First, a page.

In my post Ask the Beasts yesterday, I mentioned that however well-meaning the idea of humans as “stewards” of creation, it’s a fundamentally problematic notion. Stewardship inevitably implies a level of superiority and “dominion” over the rest of nature. It also implies that we humans know what we’re doing – which we don’t. We’re not the solution to the mass extinction that’s taking place; we’re the problem.
Today, nonetheless, Pope Francis embraced the stewardship notion, calling upon Christians to become “custodians of creation,” and warning us to “safeguard creation, because if we destroy Creation, Creation will destroy us! Never forget this!”
Certainly, anything that helps stem the mass destruction of the natural world is something we should get behind. And the Pope is passionate about the urgency of the situation.
“Creation is not a property that we can rule over at will; or, even less, the property of only a few: Creation is a gift, it is a wonderful gift that God has given us, so that we care for it and we use it for the benefit of all, always with great respect and gratitude.
“… But when we exploit Creation we destroy the sign of God’s love for us, in destroying Creation we are saying to God: ‘I don’t like it! This is not good!’ ‘So what do you like?’ ‘I like myself!’ – Here, this is sin! Do you see?”
All true. And again, we don’t want to pour cold water over anything that can make a difference, however small, to all the animals who are facing extinction.
The greatest arrogance of all is the idea that we humans are the pinnacle of creation.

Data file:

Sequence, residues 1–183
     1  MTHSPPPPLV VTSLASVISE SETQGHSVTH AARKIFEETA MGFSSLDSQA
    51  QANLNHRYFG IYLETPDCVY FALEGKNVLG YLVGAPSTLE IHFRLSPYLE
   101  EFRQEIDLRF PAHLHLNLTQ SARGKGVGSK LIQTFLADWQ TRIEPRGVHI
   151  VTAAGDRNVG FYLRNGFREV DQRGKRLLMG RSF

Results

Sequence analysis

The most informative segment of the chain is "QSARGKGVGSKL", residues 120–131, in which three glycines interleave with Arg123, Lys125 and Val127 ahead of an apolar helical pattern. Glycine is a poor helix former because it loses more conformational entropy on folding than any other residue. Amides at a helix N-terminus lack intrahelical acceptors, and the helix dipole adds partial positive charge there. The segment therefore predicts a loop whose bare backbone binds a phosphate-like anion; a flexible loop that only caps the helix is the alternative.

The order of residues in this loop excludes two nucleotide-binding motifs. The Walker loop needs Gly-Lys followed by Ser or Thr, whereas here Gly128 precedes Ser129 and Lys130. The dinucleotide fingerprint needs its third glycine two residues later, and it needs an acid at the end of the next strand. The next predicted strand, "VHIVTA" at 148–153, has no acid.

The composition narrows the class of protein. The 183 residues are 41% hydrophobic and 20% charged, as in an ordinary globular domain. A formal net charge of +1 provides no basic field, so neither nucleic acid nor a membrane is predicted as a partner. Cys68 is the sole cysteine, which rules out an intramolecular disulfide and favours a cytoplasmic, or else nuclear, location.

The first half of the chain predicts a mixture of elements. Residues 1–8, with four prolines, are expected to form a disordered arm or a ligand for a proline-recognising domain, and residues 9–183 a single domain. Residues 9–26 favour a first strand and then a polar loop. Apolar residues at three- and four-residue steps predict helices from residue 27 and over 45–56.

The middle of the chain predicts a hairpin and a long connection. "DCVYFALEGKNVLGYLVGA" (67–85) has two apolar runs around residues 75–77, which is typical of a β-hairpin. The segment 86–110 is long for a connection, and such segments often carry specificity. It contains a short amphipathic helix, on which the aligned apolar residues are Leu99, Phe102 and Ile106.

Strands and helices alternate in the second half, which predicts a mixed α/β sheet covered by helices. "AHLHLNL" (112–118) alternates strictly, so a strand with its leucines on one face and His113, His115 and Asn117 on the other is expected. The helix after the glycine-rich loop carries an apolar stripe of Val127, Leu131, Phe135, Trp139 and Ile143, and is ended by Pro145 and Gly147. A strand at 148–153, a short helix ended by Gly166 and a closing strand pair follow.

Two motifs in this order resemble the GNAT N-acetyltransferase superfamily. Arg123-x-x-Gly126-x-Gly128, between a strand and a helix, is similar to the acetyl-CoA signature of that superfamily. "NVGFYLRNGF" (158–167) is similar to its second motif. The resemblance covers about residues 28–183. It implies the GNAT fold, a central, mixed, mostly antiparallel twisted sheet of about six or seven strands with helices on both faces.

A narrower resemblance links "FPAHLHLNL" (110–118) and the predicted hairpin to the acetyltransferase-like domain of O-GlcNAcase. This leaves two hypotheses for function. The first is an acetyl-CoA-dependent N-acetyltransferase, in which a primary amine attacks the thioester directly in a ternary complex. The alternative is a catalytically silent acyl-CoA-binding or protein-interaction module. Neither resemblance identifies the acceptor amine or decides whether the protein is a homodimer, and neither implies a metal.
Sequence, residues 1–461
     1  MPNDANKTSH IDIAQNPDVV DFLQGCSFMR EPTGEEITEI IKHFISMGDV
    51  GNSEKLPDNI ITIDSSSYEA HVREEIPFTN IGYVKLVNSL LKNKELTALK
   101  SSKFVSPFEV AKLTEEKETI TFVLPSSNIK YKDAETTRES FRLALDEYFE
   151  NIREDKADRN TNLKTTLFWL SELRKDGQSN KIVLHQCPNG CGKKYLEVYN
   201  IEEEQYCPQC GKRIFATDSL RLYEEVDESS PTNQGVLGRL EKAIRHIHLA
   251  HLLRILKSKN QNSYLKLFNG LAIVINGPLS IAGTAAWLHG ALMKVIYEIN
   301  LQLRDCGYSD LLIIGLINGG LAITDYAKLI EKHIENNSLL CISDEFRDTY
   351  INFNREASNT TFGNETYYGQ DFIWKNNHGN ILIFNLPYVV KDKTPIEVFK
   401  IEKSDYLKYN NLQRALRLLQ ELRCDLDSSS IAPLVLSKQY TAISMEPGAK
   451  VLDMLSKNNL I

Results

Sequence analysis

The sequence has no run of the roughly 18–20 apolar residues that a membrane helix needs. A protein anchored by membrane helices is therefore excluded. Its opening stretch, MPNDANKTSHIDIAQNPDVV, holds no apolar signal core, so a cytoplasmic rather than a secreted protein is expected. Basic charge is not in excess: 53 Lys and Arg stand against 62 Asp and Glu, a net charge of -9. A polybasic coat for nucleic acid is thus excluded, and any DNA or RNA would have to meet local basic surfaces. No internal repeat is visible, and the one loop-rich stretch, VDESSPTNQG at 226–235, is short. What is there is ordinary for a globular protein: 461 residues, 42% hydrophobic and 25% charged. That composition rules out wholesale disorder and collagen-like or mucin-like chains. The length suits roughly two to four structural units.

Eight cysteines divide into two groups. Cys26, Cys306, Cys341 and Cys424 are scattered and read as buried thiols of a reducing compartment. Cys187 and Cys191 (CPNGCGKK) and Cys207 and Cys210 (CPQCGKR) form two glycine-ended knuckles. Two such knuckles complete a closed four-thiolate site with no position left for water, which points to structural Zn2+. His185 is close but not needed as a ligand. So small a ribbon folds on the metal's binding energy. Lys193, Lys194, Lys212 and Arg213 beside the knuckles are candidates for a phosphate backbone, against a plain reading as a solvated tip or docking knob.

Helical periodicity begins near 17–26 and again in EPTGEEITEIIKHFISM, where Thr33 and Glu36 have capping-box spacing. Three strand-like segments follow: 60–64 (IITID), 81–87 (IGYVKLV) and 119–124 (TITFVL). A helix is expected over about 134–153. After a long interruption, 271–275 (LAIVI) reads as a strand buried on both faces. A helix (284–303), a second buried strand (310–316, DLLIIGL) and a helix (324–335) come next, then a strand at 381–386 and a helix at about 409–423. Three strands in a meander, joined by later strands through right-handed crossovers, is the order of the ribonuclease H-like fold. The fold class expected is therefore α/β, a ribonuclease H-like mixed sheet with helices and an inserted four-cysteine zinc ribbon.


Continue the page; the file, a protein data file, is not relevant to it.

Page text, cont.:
The trouble is that as long as we humans continue to see ourselves as a species apart, superior and exceptional and the solution to all problems, we’re simply keeping intact the underlying cause of what’s wrong. The great march of human “progress” will just go on – until it collapses.
The Pope’s comments came at the end of a five-day summit on sustainability convened at the Vatican and entitled Sustainable Humanity, Sustainable Nature: Our Responsibility. The conference had brought together biologists, economists, philosophers, legal scholars and other experts to discuss how the Catholic Church can relate to the problems confronting the planet in the face of climate change.
The Pope himself is reportedly working on a major publication – possibly a papal encyclical – about the planet and its ecology, which would be the first-ever encyclical that’s all about the environment.
For sure, anything is better than nothing. And Pope Francis, of all people, understands the virtues of humility. But the greatest arrogance of all is the idea that we humans are the pinnacle of creation. It’s a belief that’s rooted not in any sense of true superiority, but in the deep anxiety we feel about our own mortality, about the fact that we are animals like all the other animals, and our neurotic quest to rise above nature and conquer death itself.